What to do when people use religion as an excuse for homophobia
For as long as I can remember, I’ve always been fascinated with organised religion and interested in the faith that it’s followers seem to instinctively feel. There’s something strangely beautiful about their confidence and determination in what they believe. Their unshakable knowledge of where they come from and where they will one day end up. I’ve longed for their unquestionable purpose and admired their sense of belonging. In many ways, religion can provide some of our essential needs, so what happens when you simply don’t have any faith?
My curious nature and determination to find a community has meant that I have spent years searching for faith, only to come to the conclusion that I would never be one of the faithful. I’ve dabbled in many religions, studied them intensely and even went to a Church school, only to be left without a connection to any.
I tried to fit in, I tried to follow the rules and to live my life as Jesus did and whilst I still uphold the good values, I was never able to feel a connection to the Christian faith. I was never able to fully believe in the words of the bible and it almost felt like I was playing pretend, like Jesus was an imaginary friend that I never really believed in. My prayers always went unanswered, tragedies seemed to have no real meaning and they left with a sense of discord with the God I was supposed to believe in. Eventually I started to come to terms with how I felt, questioning the contradictions that started to become obvious to me. There was one overarching question that never left me – how can a benevolent and omnipotent god, allow so much devastation and injustice to continue?
At the time, admitting that I felt this way felt like a failure, like I was betraying my values and community. It’s a feeling that stuck with me for many years and it took a long time for me to come to terms with the label “atheist”.
It wasn’t a label that I was initially comfortable with, it felt so finite and I wasn’t sure that I was ready to accept that I would never have any form of religion in my life. Yet more than this, it also felt like admitting that death was just that and I struggled with my ability to handle such a huge realisation. At the heart of most religions is the idea that life is just one aspect of our journeys and accepting there was no god, felt like admitting there was no life after death. It’s a thought that stuck with me for many years and as relatives slowly passed away, it was a realisation that initially scared me. I suppose in many ways, it’s a coping mechanisms because it allows you to believe that you’ll see them again one day and that they are never really gone.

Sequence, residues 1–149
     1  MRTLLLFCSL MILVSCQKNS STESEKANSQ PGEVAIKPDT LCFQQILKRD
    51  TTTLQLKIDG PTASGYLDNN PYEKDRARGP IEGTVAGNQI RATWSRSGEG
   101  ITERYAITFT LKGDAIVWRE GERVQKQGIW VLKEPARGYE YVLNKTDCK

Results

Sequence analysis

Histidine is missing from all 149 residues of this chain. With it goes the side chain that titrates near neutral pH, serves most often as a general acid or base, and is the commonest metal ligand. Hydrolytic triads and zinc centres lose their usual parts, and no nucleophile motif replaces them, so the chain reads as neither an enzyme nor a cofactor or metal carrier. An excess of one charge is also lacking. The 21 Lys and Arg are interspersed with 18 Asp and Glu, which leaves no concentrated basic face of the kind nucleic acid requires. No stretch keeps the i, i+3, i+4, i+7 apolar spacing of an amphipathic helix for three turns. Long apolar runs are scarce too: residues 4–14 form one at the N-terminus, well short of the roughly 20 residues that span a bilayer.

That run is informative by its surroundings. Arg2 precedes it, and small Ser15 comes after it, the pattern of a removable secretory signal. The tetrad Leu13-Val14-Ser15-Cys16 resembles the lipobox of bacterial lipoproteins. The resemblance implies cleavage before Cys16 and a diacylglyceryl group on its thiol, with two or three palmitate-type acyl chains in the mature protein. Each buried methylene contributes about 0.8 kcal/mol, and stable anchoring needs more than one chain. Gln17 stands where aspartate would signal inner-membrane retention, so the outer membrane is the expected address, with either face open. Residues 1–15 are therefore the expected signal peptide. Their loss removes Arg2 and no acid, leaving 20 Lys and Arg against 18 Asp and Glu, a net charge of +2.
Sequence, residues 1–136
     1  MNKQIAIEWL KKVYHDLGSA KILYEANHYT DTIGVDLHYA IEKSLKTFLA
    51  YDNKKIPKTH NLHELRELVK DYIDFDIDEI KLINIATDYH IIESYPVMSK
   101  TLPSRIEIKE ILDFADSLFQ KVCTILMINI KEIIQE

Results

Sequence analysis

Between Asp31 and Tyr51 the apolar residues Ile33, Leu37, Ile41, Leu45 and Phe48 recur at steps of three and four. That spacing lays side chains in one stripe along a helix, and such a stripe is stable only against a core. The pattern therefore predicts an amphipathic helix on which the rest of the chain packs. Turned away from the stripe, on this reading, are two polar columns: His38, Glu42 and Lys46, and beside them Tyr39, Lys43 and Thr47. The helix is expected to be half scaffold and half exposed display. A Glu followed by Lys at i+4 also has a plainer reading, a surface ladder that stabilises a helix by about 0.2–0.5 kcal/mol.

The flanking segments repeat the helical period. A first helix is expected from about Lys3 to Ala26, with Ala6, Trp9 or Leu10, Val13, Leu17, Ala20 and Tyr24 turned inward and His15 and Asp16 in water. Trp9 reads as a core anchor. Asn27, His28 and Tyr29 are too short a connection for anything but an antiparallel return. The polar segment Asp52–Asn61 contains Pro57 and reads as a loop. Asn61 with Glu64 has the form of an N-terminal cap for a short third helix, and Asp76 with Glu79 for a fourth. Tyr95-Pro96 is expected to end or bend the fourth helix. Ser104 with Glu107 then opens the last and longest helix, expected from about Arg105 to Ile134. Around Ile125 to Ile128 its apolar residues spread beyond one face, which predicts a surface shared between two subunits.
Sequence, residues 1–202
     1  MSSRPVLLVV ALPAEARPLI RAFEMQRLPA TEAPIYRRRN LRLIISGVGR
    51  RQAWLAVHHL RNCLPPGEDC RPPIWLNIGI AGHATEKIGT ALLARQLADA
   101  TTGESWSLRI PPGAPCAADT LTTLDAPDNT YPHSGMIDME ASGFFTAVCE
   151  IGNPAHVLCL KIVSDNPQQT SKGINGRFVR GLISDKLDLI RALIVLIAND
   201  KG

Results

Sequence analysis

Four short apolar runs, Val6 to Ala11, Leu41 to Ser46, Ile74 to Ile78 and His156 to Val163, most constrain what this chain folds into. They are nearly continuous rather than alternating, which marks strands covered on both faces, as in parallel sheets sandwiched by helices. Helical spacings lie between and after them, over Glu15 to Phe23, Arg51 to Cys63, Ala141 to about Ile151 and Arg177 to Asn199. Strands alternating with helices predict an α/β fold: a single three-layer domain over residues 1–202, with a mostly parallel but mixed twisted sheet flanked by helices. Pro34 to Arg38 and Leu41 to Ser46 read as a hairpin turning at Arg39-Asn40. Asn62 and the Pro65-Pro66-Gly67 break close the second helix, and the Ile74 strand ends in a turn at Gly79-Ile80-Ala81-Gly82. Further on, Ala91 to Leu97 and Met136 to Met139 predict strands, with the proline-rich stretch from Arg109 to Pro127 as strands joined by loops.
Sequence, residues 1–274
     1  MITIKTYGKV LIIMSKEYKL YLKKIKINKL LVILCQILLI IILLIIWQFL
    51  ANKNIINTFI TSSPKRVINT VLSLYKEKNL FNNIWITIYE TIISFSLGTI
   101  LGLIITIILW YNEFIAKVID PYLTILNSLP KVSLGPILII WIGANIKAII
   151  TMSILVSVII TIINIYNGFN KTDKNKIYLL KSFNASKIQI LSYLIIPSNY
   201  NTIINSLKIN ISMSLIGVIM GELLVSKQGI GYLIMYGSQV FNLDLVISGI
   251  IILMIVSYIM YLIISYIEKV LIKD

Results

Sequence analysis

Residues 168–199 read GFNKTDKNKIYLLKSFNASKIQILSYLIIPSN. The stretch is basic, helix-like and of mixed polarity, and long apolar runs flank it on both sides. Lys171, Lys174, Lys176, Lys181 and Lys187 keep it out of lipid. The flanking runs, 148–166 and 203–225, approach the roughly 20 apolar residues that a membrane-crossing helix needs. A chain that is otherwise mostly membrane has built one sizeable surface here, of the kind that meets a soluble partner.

Over the years, I’ve come to accept my own version of this reality. I don’t believe in the life after death of old, I don’t believe in heaven or hell but instead I believe that there’s a chance there could be something more. A non-religious, non-god governed afterlife, that does offer me some kind of solace. It means that death doesn’t feel like the end and yet balances this with my conviction that there is no god figure.
As I’ve grown older, I have come to realise that I had misinterpreted the word, that I could still be curious and interested in other religions, whilst still admitting who I really was.
It’s hard to pinpoint the exact moment when the word really started to resonate with me, when it started to fit or when I started to use it. I think it was a gradual process, the more I tried to find my faith, the more skeptical I became and so faith continued to evade me.
These days I am confident in admitting that I am an atheist and that I will never believe in anything more. Since admitting this to myself, and others, I’ve come to realise that it's more common than people think. These days there’s a growing community of atheists around the world, as more and more people are embracing the word and admitting that they struggle with faith.
Whilst science should not and will not ever replace the role that religion can play in people’s lives, it does help us to understand the world a bit better. It’ll probably be a long time before science fully explains everything and that is if it ever can. However being an atheist means admitting that there’s probably a scientific explanation for most of the world’s unexplained phenomenons.
For me, being an atheist means learning to live life in the moment. It means accepting that we will never know how we got here or what happens when we leave. It means making the most of life, whilst living as a good person.
So while faith is beautiful, being an atheist means accepting that there’s a logical, if yet unknown, explanation for everything. Somehow, that’s beautiful too.
About the author
Kay Page has spent the last 6 years fighting to change the world and is the co-founder of Politics4Youth, a website aimed at engaging more young people.